dyskinesia

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dyskinesia

[‚dis·kə′nē·zhə]
(medicine)
Disordered movements of voluntary or involuntary muscles, particularly those seen in disorders of the extrapyramidal system.
Impaired voluntary movements.
McGraw-Hill Dictionary of Scientific & Technical Terms, 6E, Copyright © 2003 by The McGraw-Hill Companies, Inc.
References in periodicals archive ?
Primary ciliary dyskinesia is phenotypically and genetically a heterogeneous condition, wherein the primary defect is in the ultrastructures or function of cilia.
Ethmoid mucocele: A new feature of primary ciliary dyskinesia. Pediatr Pulmonol 2010;45(2):197-201.
Primary ciliary dyskinesia: Diagnosis and standards of care.
Primary ciliary dyskinesia (PCD) is a rare genetic disorder involving number of human organs like upper and lower respiratory tract, spermatozoa in male and fallopian tube in females.
Camner and coworkers first suggested ciliary dyskinesia as the cause of Kartagener syndrome in1975.
Primary ciliary dyskinesia syndrome, or immotile cilia syndrome, is a heterogeneous collection of rare autosomal recessive disorders characterized by defects in the structure and function of cilia, leading to CRS with polyps and recurrent infections.
The primary ciliary dyskinesia also affects spermatozoa, flagella, rendering males sterile.
If associated with primary ciliary dyskinesia, sinusitis and bronchiectasis and infertility in males, it is called Kartagener Syndrome found in 25% of patients (3).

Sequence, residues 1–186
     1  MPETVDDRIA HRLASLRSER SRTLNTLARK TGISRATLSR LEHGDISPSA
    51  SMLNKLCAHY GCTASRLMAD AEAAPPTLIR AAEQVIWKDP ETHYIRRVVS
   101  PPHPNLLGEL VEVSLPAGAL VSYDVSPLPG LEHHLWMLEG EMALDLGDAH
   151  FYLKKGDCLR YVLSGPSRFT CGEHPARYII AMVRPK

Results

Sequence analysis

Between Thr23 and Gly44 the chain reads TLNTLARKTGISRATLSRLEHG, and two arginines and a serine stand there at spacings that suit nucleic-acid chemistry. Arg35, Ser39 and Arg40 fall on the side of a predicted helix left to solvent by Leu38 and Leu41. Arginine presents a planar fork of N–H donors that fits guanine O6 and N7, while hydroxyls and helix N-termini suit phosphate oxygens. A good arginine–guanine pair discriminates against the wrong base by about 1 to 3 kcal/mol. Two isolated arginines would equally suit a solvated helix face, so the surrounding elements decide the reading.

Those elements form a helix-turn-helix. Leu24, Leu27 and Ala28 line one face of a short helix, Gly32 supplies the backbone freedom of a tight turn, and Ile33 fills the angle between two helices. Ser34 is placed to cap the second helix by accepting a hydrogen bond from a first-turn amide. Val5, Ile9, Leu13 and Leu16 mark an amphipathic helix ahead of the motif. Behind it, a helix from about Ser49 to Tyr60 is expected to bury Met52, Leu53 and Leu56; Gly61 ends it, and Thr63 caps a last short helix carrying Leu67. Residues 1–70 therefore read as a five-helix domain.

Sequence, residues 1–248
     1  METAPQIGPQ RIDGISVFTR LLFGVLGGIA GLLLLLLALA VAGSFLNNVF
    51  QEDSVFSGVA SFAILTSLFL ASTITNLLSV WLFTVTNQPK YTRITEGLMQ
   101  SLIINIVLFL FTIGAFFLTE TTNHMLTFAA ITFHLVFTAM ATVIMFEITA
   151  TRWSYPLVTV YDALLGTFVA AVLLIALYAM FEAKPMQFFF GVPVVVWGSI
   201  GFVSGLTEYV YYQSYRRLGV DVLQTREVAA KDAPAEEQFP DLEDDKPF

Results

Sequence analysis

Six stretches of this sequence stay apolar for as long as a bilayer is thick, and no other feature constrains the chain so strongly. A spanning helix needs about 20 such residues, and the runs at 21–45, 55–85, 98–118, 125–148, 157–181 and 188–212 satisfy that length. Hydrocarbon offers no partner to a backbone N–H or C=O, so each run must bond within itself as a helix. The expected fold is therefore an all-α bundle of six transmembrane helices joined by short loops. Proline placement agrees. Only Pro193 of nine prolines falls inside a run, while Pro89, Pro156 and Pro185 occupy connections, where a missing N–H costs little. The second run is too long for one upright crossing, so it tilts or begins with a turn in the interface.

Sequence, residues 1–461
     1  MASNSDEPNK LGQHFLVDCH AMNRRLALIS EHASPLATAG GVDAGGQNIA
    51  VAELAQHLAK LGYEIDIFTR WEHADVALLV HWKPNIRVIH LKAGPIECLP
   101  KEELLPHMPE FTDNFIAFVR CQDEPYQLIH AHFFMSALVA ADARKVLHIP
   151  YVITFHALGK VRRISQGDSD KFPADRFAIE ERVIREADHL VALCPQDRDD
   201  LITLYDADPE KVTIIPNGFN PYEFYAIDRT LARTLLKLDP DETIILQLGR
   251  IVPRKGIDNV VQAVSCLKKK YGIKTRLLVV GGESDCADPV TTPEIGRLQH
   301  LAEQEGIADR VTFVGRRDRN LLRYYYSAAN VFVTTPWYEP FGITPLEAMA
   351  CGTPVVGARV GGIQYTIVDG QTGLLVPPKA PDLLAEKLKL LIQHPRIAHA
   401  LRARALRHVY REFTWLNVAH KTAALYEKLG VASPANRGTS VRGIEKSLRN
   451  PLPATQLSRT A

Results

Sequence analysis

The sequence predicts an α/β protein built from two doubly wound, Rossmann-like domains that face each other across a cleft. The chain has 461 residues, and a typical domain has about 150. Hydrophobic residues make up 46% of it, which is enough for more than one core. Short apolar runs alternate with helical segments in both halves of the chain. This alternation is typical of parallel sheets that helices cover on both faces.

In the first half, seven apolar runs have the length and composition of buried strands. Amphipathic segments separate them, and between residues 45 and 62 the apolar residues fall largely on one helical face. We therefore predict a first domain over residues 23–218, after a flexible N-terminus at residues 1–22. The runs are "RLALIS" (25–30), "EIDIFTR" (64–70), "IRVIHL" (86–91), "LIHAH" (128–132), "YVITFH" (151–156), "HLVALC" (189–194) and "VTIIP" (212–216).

Incidence of congenital heart defects is more (95%) with situs inversus incompletes 25% of individuals with situs inversus have primary ciliary dyskinesia. They present as Kartagener syndrome [1] with the classic triad of situs inversus, chronic sinusitis and bronchiectasis.
Kartagener syndrome is part of the larger group of disorders called primary ciliary dyskinesias. Approximately one half of patients with primary ciliary dyskinesia have situs inversus and, thus, are classified as having Kartagener syndrome.
They address diseases like Marfan and Goodpasture's syndromes, sarcoidosis, autoimmune pulmonary alveolar proteinosis, hereditary haemorrhagic telangiectasia, Hermansky-Pudlak syndrome, primary ciliary dyskinesia, cystic fibrosis, scleroderma lung disease, and alpha-1 antitrypsin deficiency, and their epidemiology, genetic basis and molecular pathogenesis, animal models, clinical presentation, diagnosis, conventional management and treatment strategies, and future therapies and directions.